Um, I wasn’t remotely saying that people don’t change. I was suggesting that Harold sounds unconvincing as a character, a 1950s version of what an old person is like.

        That’s a courageous thing you did Eileen and I salute it, but I never doubted that people (including older people) do courageous things. I just thought that Harold doesn’t sound that persuasive compared to say William Corker in John Berger’s Corker’s Freedom (there’s a review at mine if you’re curious, Kevin interestingly enough put me on to Berger which I owe him onging thanks for). Corker is a dull and quiet man from outside, but Berger shows us his rich internal life, shows how much is going on inside that those outside may not see.

        It’s the lack of that I was talking to. The mere fact he keeps walking isn’t that interesting, people do out of character things all the time. It’s the lack of character beforehand that sticks out.


  10. Max Cairnduff Says:

    I was wondering about how he managed for changes of shoes/clothes, but then forgot when I made my comment. You can get away with that sort of thing if the book isn’t otherwise realist in tone, but if it is it’s fair for the reader to start asking that sort of question.

    Of course, wondering about stuff like that is generally a sign that the author hasn’t fully pulled you into their tale.


    • KevinfromCanada Says:

      This is a perfect example of one of my “falling tree” books — once the tree starts to tilt to the negative, you can find all sorts of things wrong with the narrative. And, of course, if you are pulled into the tale, you conveniently would be filing the same unlikely things under the lable of “artistic licence”.


  11. Sigrun Says:

    Towards the end of your review you describe the book “as conventional as conventional can be,” I totally agree!
    I will be very disappointed if this book wins the prize – .


    • KevinfromCanada Says:

      I can understand why books like this get published and sell well — for many readers, they are warm and reassuring. I’m a little more confused about why juries put them on prize lists.


  12. gaskella Says:

    I went to hear Rachel talk about her book, having read and enjoyed it, (I was able to engage with Harold). It started off as a radio play, she’s a successful writer for radio, and it was written for her father who had cancer – he never got to see the book though. She said she welcomed being able to add all the detail into the dialogue,,,


  13. KevinfromCanada Says:

    gaskella: Thanks for that information about the radio play writing background — it shows.


  14. Sheila O'Brien Says:

    i just finished this book, and really had to struggle to get through the last half. While the first half was interesting, for me, it descended steeply in to mawkish sentimentality, and improbable plot. Because I love all the parts of England Harold passed through, I stayed with it, but overall was very disappointed in it. The repetition of the stories of key moments in his family added nothing, and frustrated me.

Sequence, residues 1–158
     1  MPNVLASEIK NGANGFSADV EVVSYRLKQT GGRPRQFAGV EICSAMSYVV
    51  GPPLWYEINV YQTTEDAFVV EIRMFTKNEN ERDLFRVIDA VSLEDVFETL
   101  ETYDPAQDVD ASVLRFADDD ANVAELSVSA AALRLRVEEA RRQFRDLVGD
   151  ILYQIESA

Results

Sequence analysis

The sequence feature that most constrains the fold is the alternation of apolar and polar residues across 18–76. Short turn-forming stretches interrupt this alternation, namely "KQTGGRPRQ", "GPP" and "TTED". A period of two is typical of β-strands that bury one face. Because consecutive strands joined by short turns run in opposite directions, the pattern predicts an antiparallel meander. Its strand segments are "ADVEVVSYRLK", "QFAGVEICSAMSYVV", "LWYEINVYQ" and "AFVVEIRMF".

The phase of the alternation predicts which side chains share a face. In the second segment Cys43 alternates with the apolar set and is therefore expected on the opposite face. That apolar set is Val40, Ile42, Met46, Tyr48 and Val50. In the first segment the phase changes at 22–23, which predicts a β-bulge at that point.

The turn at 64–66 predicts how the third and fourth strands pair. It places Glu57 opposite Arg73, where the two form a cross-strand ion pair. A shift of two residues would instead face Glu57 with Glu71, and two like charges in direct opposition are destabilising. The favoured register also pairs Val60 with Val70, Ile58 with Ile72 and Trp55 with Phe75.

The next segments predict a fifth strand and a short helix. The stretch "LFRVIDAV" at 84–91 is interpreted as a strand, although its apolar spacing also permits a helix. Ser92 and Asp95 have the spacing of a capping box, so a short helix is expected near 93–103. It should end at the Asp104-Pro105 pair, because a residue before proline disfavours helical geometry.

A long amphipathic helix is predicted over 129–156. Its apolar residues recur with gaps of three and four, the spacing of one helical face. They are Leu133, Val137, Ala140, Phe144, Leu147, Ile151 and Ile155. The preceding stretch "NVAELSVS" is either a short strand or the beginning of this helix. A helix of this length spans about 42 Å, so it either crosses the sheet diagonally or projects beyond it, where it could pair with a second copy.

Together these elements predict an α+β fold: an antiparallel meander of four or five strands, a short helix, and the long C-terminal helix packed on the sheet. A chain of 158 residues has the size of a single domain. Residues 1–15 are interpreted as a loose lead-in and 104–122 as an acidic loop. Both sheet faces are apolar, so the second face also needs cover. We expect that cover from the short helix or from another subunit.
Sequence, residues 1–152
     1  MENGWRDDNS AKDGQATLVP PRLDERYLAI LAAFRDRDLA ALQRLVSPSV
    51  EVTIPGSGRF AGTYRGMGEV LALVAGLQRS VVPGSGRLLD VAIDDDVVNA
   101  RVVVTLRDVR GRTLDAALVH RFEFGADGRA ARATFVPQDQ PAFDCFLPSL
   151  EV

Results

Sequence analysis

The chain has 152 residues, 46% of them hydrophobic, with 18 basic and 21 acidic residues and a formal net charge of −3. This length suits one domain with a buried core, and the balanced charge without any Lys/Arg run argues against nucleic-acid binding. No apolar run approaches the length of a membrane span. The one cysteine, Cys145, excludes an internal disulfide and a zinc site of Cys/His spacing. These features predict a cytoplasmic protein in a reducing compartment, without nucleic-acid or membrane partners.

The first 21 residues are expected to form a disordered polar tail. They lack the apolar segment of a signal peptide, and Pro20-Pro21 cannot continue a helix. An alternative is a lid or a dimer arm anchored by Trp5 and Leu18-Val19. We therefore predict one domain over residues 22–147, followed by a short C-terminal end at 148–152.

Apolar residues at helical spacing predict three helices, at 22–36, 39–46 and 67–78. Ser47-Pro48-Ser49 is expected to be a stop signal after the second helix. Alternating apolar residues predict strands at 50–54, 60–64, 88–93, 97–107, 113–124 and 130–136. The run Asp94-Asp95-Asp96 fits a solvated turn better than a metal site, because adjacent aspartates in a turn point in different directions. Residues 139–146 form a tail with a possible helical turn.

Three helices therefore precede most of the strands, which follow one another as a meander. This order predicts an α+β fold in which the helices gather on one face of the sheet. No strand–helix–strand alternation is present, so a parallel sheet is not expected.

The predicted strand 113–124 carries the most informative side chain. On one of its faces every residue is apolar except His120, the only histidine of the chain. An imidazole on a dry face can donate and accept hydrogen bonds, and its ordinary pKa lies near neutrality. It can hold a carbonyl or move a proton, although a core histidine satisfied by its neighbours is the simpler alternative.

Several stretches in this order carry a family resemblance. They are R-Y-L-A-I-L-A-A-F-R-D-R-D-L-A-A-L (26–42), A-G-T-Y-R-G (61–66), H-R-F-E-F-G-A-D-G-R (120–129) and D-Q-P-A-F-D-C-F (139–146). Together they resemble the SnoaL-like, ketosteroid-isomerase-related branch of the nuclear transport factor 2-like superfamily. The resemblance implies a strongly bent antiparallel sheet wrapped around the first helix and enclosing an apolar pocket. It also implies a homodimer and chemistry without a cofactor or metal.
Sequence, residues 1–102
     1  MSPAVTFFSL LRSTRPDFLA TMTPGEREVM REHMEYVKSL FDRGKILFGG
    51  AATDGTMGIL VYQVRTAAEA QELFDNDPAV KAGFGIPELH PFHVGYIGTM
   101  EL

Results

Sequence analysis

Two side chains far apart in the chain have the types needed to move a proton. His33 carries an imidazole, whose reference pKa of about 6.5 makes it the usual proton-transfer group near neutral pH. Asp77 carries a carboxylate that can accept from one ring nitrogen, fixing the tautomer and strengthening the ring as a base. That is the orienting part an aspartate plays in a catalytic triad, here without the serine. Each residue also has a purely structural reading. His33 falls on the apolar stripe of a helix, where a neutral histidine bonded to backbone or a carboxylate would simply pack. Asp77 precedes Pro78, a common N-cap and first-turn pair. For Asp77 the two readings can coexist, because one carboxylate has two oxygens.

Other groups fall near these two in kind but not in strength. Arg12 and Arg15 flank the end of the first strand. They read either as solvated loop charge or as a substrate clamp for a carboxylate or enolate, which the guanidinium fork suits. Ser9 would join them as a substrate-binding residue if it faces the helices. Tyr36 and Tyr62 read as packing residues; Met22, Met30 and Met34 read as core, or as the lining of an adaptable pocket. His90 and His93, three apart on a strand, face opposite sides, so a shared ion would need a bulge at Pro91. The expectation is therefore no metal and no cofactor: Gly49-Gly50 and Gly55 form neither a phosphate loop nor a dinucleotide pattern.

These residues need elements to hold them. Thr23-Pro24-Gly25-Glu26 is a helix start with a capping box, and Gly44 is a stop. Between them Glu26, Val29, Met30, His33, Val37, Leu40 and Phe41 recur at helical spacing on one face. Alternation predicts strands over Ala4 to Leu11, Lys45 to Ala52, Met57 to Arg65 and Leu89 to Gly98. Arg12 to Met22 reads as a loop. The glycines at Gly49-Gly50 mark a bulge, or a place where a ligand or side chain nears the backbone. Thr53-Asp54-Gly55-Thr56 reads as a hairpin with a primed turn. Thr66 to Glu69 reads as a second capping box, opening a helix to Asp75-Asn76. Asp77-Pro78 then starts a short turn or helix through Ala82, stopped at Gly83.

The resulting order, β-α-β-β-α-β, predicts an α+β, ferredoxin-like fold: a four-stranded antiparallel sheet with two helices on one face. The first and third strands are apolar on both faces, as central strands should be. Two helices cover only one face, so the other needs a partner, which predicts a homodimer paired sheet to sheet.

That said, I would read another of Rachel’s books. she might be just warming up here.


  15. KevinfromCanada Says:

    Sheila: I had a similar reaction — Joyce seemed to run out of things to say about halfway through the book and it got progressively weaker after that for me.


  16. littlegidding4 Says:

    Actually I wasn’t ready at all for what Harold found once he got to Berwick, and there was nothing sentimental about the description of Queenie’s plight (derived from the cancer type suffered from Joyce’s father). We are so used to cancer being boxed of, and the procedures as relatively routine (I write as one with a partner who has been through the mill) that I was genuinely shocked by the power of that description.

    I know several lower middle-class men who still don the collar and tie in retirement, though I agree that it’s a characteristic that will die out when those born in the 1960s reach retirement. In some ways I thought that Harold in his innocence and failure to communicate was like a nicer and more sympathetic take on Tony Webster in ‘The Sense of an Ending’.

    After ‘The Gathering’ I would rather slit my wrists than submit to another Anne Enright…

    I really enjoy your blog.


    • KevinfromCanada Says:

      There is no doubt that Harold strikes a responsive chord with some readers — I just wasn’t one of them. Tony Webster, on the other hand, did hit the mark for me.

      I was no fan of the gathering either but found The Forgotten Waltz to be quite good. I was thinking about it again just last week when another novel about the collapse of the Celtic Tiger, The Spinning Heart, showed up on the Booker longlist.


      • littlegidding4 Says:

        The Spinning Heart sounds intriguing, Kevin. Must look out for it once I’m allowed to start buying books again after December 31. I have a professional interest in the Celtic Tiger, so it sounds right up my street.

        I came to your Fry review by way of having seen your Booker section and hence your review of Swimming Home, which I’d read very recently – hence the strange time lag in the comment on Harold Fry.